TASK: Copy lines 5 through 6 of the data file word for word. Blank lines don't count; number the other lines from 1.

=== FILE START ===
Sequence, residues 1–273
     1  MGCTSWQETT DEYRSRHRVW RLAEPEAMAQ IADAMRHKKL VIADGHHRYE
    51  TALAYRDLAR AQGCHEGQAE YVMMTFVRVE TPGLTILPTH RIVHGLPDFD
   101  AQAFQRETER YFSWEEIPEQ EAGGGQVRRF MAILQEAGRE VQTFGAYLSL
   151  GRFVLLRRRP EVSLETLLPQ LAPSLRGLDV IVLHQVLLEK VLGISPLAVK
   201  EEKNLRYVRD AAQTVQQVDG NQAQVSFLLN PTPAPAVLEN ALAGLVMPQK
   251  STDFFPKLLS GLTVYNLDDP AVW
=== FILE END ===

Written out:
   151  GRFVLLRRRP EVSLETLLPQ LAPSLRGLDV IVLHQVLLEK VLGISPLAVK
   201  EEKNLRYVRD AAQTVQQVDG NQAQVSFLLN PTPAPAVLEN ALAGLVMPQK